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Aase syndrome

Definition:

Aase syndrome is a rare disorder that involves anemia and certain joint and skeletal deformities.



Alternative Names:

Aase-Smith syndrome; Hypoplastic anemia/Triphalangeal thumb syndrome



Causes, incidence, and risk factors:

Most cases of Aase syndrome occur without a known reason and are not passed down through families (inherited). However, some cases have been shown to be inherited.

The anemia in Aase syndrome is caused by poor development of the bone marrow, which is where blood cells are formed.



Symptoms:
  • Absent or small knuckles
  • Cleft palate
  • Decreased skin creases at finger joints
  • Deformed ears
  • Droopy eyelids
  • Inability to fully extend the joints from birth (contracture deformity )
  • Narrow shoulders
  • Pale skin
  • Triple-jointed thumbs


Signs and tests:

Signs may include:

  • Delayed closure of soft spots (fontanelles )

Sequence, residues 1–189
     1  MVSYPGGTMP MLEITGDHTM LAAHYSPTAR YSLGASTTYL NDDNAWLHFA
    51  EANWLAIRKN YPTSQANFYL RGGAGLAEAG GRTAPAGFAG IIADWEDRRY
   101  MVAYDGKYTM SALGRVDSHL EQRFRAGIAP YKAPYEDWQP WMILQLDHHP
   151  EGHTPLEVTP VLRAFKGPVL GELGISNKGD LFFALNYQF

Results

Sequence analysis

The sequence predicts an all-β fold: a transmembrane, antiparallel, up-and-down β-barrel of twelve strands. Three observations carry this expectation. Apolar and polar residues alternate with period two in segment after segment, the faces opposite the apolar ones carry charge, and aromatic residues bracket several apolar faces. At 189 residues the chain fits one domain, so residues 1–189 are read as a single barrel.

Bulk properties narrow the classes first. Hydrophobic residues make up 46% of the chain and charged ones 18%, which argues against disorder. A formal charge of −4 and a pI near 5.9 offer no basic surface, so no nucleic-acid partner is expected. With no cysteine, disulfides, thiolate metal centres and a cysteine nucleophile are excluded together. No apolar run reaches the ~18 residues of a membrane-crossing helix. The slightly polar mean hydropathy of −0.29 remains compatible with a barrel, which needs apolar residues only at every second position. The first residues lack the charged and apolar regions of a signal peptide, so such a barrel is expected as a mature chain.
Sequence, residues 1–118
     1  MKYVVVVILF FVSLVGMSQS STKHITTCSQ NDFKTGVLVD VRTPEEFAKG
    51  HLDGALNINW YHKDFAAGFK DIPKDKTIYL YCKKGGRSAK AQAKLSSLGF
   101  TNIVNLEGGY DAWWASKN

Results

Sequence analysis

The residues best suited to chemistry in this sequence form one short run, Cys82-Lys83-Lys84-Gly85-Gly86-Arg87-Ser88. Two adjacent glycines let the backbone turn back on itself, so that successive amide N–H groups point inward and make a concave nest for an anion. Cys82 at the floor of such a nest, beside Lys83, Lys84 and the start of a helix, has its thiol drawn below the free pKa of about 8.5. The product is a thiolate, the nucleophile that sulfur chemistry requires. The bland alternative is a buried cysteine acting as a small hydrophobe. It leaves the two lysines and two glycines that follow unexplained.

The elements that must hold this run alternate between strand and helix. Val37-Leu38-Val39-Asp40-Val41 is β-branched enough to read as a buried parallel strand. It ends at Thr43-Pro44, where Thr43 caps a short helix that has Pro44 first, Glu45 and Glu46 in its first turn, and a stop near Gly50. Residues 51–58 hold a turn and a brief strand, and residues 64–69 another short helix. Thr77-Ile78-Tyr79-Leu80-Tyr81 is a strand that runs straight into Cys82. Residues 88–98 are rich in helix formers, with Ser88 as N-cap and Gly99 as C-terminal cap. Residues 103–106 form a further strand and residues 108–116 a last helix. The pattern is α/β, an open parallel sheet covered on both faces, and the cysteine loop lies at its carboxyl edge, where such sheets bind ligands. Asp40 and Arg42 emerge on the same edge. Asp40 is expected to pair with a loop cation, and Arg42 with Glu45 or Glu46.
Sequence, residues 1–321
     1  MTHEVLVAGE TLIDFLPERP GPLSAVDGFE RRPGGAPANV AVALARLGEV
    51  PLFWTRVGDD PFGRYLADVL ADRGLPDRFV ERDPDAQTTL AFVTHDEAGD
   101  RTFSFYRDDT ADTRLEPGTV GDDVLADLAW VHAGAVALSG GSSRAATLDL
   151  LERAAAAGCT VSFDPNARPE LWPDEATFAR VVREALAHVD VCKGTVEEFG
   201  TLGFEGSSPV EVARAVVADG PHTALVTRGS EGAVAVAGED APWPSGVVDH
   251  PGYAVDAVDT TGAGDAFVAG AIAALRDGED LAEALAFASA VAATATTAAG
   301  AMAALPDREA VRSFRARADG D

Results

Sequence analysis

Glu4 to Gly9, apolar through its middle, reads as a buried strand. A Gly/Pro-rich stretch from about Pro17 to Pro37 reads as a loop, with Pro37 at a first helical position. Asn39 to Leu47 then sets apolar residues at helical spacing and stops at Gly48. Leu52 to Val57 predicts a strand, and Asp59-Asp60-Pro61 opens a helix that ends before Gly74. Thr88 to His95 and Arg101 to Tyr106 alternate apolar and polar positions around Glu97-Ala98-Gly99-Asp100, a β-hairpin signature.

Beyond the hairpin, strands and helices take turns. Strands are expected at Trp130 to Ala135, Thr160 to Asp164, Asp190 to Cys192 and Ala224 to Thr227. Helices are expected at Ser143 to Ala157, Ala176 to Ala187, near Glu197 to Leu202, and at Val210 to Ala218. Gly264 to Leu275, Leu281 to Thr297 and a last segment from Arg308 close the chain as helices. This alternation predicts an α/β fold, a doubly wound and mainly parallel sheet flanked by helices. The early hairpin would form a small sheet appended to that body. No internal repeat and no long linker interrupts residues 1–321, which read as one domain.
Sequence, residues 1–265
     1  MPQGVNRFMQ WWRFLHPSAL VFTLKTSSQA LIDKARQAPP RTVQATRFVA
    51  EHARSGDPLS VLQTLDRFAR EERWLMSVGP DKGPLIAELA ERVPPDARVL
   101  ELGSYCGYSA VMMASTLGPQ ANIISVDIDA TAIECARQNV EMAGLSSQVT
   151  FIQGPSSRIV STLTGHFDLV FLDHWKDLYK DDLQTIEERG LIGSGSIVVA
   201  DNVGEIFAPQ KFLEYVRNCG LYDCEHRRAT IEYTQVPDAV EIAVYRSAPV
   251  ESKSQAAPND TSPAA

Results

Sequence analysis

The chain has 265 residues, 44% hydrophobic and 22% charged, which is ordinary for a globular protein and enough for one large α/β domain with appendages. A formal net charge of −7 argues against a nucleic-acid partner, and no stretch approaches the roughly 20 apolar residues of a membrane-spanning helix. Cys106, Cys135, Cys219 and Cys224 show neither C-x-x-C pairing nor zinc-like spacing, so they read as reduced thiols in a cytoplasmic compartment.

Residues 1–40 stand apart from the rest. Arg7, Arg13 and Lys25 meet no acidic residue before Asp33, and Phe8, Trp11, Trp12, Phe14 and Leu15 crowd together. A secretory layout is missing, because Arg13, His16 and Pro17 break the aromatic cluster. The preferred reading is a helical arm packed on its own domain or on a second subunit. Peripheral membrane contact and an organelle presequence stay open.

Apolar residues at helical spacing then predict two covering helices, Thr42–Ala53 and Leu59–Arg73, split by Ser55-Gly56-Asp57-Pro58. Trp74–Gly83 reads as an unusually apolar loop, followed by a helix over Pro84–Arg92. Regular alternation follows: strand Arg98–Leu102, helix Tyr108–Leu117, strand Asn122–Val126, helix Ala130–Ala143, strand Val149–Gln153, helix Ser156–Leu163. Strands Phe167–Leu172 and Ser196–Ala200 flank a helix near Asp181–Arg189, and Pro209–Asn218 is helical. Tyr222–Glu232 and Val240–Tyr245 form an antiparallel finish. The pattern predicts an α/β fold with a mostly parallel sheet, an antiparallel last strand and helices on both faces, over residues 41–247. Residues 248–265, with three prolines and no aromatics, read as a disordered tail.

• Mildly slowed growth

Tests that may be done include:



Treatment:

Blood transfusions are given in the first year of life to treat anemia. Prednisone has also been used to treat anemia associated with Aase syndrome. However, it should only be used after reviewing the benefits and risks with a doctor who has experience treating anemias.

A bone marrow transplant may be necessary if other treatment fails.



Support Groups:



Expectations (prognosis):

The anemia tends to improve with age.



Complications:

Complications related to anemia include:

  • Fatigue
  • Decreased oxygen in the blood
  • Weakness

Heart problems can lead to a variety of complications, depending on the specific defect.

Severe cases of Aase syndrome have been associated with stillbirth or early death.



Calling your health care provider:

Call your health care provider if you notice possible signs of Aase syndrome in your child. Genetic counseling is recommended if you have a family history of Aase syndrome. Genetic counseling can help families understand issues such as how the disease is inherited, and the care, treatment, and possible outcome of the patient.



Prevention:

There is no known prevention.




Review Date: 8/11/2009
Reviewed By: Diana Chambers, MS, EdD, Certified Genetics Counselor (ABMG), Charter Member of the ABGC, University of Tennessee, Memphis, TN. Review provided by VeriMed Healthcare Network. Also reviewed by David Zieve, MD, MHA, Medical Director, A.D.A.M., Inc.

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